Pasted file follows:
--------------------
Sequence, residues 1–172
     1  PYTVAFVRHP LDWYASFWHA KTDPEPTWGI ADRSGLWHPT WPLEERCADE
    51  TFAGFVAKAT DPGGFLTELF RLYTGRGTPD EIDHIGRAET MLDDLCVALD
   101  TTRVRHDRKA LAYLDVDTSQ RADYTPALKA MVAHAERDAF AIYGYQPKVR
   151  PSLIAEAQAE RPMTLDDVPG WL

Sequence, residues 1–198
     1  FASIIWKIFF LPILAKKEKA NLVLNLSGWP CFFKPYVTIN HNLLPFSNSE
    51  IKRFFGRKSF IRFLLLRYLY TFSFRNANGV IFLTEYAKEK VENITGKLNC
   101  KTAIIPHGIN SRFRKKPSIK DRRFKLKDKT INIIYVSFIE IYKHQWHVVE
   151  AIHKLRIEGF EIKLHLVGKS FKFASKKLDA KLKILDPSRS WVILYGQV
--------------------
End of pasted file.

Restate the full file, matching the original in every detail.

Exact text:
Sequence, residues 1–172
     1  PYTVAFVRHP LDWYASFWHA KTDPEPTWGI ADRSGLWHPT WPLEERCADE
    51  TFAGFVAKAT DPGGFLTELF RLYTGRGTPD EIDHIGRAET MLDDLCVALD
   101  TTRVRHDRKA LAYLDVDTSQ RADYTPALKA MVAHAERDAF AIYGYQPKVR
   151  PSLIAEAQAE RPMTLDDVPG WL

Sequence, residues 1–198
     1  FASIIWKIFF LPILAKKEKA NLVLNLSGWP CFFKPYVTIN HNLLPFSNSE
    51  IKRFFGRKSF IRFLLLRYLY TFSFRNANGV IFLTEYAKEK VENITGKLNC
   101  KTAIIPHGIN SRFRKKPSIK DRRFKLKDKT INIIYVSFIE IYKHQWHVVE
   151  AIHKLRIEGF EIKLHLVGKS FKFASKKLDA KLKILDPSRS WVILYGQV